On becoming Father


Someone (not Freud, but Jones) said

that you're never grown up 

until you bury your father.

Therefore I'm a vulgar minor fraud. 

I was 56 when he died in New Zealand, 

with Maoris jumping round,

thanking him for God,  

and my brother singing,

and the preacher praying,

and my sisters crying.

But I was saying:

O, Dad was buried earlier,

much earlier. It's 44 years of death

since I was left alone;

don't you see

the blood above the lintel,

the myrtle and hyssop splaying

Congo -

Ghana -

London -

Swansea -

Glasgow -

Dublin - 

Berlin -

Auckland -

Auckland -


The Ten plagues.

The First-born. 

So you know,

as I give

this benediction,

why the wine

in the cup

tastes good?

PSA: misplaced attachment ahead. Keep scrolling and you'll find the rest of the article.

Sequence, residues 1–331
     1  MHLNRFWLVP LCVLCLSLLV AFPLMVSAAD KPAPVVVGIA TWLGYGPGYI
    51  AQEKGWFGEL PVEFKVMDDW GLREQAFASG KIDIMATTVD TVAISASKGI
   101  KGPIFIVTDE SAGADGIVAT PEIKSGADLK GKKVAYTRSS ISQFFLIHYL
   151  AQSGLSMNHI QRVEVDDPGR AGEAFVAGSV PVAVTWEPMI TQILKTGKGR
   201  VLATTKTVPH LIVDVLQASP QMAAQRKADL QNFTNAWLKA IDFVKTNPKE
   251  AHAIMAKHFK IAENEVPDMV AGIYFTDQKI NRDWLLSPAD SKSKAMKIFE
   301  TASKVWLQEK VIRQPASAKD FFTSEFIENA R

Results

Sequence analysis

Gloria in excelsis!

Baruch a'tad adonai.


Cwm, cwm Rhondda.

Bread of Heaven?

Sons, I suppose, must be taken,

in the end of this geneology,

as the coming to manhood -

so here they stand: 





and a daughter, Mandy,

found, more or less, in the bulrushes.

(I was her man, but I done her wrong).

Feed me till I want no more!

But what

are these tears

doing here?



How does a Dad become?

Ioan Davies


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